Invisible Labor and Faculty Retention Since COVID-19

Woman stressed at desk


Though the research continues, what we know so far is the challenges of post-2020 teaching have brought on increased workloads and emotional burnout.  Many faculty feel pushed to find an exit from teaching – sometimes referred to as a component of the “Great Resignation” (The Chronicle of Higher Education & Fidelity Investments, 2020; Flaherty, 2022). Female faculty, faculty of color, and queer faculty experience this burnout to a disproportionate degree due to filling more roles outside the classroom and providing unrecognized emotional labor, also referred to as invisible labor, to students (The Chronicle of Higher Education & Fidelity Investments, 2020). Understanding how COVID-19 has impacted faculty is imperative for academic institutions to respond in a productive manner and for faculty to protect their own mental health and wellbeing.

Invisible Labor and Faculty Retention

The stress of the COVID-19 pandemic and the underlying inequities within academia that it helped expose has weighed heavily on faculty members who are finding themselves with even more work, more emotional labor, and less support than before the pandemic (Gewin, 2021). Faculty are familiar with the spontaneous pivot to online teaching at the start of the pandemic, but the trials faced by faculty do not end there. The workload has gotten heavier, especially for faculty members from marginalized groups such as women, faculty of color, and queer faculty – and the demands on their emotional labor has increased as students come to them to discuss trauma, mental illness, and even suicidal ideation (Gewin, 2021; The Chronicle of Higher Education & Fidelity Investments, 2020).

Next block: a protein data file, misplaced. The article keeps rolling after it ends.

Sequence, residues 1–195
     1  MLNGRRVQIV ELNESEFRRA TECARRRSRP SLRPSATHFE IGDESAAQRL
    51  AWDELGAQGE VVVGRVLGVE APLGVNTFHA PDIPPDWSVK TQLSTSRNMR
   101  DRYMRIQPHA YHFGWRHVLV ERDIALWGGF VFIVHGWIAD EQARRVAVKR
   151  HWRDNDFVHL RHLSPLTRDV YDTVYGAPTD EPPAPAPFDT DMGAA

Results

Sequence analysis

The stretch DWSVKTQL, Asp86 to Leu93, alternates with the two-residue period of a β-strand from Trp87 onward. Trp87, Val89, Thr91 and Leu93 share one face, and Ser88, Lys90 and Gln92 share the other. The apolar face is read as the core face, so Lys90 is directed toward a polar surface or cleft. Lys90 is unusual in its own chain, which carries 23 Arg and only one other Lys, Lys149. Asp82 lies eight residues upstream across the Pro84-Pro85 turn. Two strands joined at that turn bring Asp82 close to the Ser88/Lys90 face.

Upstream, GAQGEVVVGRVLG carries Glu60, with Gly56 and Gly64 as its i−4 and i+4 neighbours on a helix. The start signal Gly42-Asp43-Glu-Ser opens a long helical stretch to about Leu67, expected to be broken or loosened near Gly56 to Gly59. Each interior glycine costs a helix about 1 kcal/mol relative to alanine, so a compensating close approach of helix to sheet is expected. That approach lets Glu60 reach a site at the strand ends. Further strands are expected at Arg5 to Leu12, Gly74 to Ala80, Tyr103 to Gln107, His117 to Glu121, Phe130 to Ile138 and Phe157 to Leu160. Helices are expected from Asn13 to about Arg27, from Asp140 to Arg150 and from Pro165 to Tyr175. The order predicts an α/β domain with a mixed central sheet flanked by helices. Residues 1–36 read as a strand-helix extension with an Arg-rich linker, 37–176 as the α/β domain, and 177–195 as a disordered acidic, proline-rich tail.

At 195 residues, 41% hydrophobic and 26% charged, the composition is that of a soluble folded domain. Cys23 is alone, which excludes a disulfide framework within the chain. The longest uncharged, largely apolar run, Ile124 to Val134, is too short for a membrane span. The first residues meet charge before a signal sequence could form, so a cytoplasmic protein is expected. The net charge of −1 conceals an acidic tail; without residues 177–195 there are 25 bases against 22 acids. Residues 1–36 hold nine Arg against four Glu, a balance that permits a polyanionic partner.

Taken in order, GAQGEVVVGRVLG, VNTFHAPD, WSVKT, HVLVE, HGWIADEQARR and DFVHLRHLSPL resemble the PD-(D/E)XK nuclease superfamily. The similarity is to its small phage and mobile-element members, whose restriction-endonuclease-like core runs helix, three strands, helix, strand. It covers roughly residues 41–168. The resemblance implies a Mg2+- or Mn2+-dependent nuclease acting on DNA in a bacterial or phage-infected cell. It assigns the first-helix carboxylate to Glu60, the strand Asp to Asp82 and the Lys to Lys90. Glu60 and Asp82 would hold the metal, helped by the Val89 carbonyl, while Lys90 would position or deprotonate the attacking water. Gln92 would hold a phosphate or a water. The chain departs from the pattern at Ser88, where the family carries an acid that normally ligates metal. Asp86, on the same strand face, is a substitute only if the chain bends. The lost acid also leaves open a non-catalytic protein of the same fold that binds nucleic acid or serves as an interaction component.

According to a survey of 1,122 faculty members in the US conducted by The Chronicle of Higher Education (2020), overall stress experienced by faculty increased from 32% in 2019 to 70% in 2020, with 75% of female faculty experiencing higher levels of stress compared to 59% for men (The Chronicle of Higher Education & Fidelity Investments, 2020). Additionally, 80% of female faculty reported an increase to their workload compared to 70% of male faculty and found their work-life balance, specifically as a result of the pandemic, had deteriorated in about 75% of women and ~67% of men (The Chronicle of Higher Education & Fidelity Investments, 2020). This deterioration of a healthy work-life balance and greater stress in the workplace can make it difficult for faculty to engage in self-care activities on their off-time, leading to a “pile-up effect” and, consequently, dissociation, worse health, and greater likelihood of burning out (Gewin, 2021; Boamah et al., 2022).

Faculty on the tenure track who are required to conduct scholarly research to progress through the ranks have faced interruptions that make it difficult to achieve the career advancements they hope for (The Chronicle of Higher Education & Fidelity Investments, 2021). Female faculty may see their careers stall due to their responsibilities as instructors, individuals who provide more emotional labor than their male counterparts, and as the individual in their family who, often times, is in charge of arranging for childcare (The Chronicle of Higher Education & Fidelity Investments, 2021).

The future seems to become bleak at times and less worth the effort tenure-track faculty exert in the present day, leading to a disillusionment with professorship and a hit to faculty retention (Flaherty, 2022). This burnout and stress affect tenured and tenure-track faculty alike. The Chronicle of Higher Education’s survey cites a shocking 69% of faculty wished to leave their positions to other non-teaching academic jobs, changing careers entirely, or retiring early and 43% of faculty seeking a career change were already tenured (The Chronicle of Higher Education & Fidelity Investments, 2021). 

The Future of Academia